- Evaluate current Regional structure and process in supporting policy development consistent with the OPTN Final Rule
- Develop recommendations for changes to the regional structure that could result in more effective OPTN governance
- Develop a risk register and risk mitigation strategy for each recommendation
- Deliver informed recommendations to the OPTN Board of Directors
- Engage and review process requirements with HRSA throughout the evaluation process
The result of this project can show a very similar or very different OPTN Regional structure. That is part of what makes the work exciting, and community feedback important.
|Request for community input||Summer|
|Issue RFP for external vendor to conduct the project||Fall|
|Select external vendor to lead project||Winter|
|Vendor will review community input and connect with the community
Vendor will study OPTN system, other national governance systems, and prepare recommendations for Board of Directors review
|Winter & Spring|
|OPTN Board of Directors receives recommendations and evaluates options||Summer|
|Request for feedback to be issued for public comment after review by the Board of Directors||Summer & Fall|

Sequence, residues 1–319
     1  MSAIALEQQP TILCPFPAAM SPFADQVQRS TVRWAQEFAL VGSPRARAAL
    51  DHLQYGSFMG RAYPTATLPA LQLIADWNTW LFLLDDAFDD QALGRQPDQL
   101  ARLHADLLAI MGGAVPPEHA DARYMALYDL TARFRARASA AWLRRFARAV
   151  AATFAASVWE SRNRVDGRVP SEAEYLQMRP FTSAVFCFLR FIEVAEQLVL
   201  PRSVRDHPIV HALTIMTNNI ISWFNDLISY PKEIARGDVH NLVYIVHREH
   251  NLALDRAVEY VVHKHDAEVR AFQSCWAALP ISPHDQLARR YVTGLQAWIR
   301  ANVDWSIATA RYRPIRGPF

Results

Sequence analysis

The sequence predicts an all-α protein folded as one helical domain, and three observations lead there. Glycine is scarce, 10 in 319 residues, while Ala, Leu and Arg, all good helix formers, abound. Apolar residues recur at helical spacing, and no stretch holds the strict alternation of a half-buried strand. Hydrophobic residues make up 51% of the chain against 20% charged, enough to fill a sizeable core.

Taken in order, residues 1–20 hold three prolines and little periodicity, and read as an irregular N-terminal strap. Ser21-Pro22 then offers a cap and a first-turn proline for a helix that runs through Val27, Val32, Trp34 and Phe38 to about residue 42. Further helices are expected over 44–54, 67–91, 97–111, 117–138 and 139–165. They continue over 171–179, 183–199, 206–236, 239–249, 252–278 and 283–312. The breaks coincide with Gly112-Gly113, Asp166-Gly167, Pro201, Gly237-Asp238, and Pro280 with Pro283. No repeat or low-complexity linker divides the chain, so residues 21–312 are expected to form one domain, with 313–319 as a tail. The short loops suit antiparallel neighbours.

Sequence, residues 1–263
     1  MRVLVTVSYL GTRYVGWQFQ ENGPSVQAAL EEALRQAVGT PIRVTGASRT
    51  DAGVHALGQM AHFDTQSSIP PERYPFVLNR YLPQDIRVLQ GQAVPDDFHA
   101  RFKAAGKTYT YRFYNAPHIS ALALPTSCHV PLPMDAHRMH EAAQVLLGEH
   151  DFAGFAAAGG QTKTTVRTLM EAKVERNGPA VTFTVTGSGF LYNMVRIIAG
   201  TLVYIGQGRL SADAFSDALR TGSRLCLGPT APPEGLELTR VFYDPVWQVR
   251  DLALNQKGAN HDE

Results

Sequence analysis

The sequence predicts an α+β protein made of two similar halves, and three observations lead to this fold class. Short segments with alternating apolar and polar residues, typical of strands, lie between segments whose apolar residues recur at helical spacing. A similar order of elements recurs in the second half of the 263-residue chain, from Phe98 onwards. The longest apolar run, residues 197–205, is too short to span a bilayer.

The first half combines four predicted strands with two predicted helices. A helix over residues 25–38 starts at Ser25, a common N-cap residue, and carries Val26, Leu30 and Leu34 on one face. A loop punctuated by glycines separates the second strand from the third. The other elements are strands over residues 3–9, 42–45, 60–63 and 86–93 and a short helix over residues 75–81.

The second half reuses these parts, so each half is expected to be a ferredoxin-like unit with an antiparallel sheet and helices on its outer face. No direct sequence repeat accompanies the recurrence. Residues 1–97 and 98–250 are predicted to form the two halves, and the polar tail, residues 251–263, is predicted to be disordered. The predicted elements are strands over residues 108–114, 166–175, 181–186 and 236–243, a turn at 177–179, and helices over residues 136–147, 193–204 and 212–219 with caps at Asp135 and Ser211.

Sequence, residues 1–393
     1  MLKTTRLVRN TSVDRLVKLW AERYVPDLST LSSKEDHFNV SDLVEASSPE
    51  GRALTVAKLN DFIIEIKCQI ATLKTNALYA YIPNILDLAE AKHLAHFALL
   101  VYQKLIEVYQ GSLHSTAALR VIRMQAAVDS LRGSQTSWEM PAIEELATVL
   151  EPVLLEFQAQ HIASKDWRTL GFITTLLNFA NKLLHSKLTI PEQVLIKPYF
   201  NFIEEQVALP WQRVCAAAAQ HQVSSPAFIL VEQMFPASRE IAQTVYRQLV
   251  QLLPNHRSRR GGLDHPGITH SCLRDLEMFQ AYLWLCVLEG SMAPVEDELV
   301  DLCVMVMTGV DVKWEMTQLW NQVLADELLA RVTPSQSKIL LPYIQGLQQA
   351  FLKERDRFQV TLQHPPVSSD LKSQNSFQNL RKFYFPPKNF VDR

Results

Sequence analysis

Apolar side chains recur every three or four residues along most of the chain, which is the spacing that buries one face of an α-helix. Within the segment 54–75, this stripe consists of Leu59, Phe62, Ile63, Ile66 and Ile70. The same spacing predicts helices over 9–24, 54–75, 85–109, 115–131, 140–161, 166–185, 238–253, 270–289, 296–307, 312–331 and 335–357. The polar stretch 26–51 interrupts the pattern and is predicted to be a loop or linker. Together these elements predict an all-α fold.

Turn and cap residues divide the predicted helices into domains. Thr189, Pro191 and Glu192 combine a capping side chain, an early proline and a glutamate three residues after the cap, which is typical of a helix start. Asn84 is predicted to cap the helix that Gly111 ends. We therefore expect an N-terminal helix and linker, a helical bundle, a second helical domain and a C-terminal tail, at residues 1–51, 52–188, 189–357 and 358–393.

|Board of Directors considers recommendations from public comment and prepares concept paper||Winter|
|Proposed changes released as concept paper||January|
|Board of Directors approves final changes||June|
|Implementation of Board-approved recommendations|
The first input opportunity closed Oct. 1, 2020. The input collected was informational and was provided to EY.
The second input opportunity closed September 30, 2021. The input collected was provided to EY, who prepared their final report for the OPTN Board of Directors.
The OPTN Executive Committee has developed a concept paper on redesigning the map of OPTN Regions to accompany the final report provided by EY.
If you have any questions, please email firstname.lastname@example.org.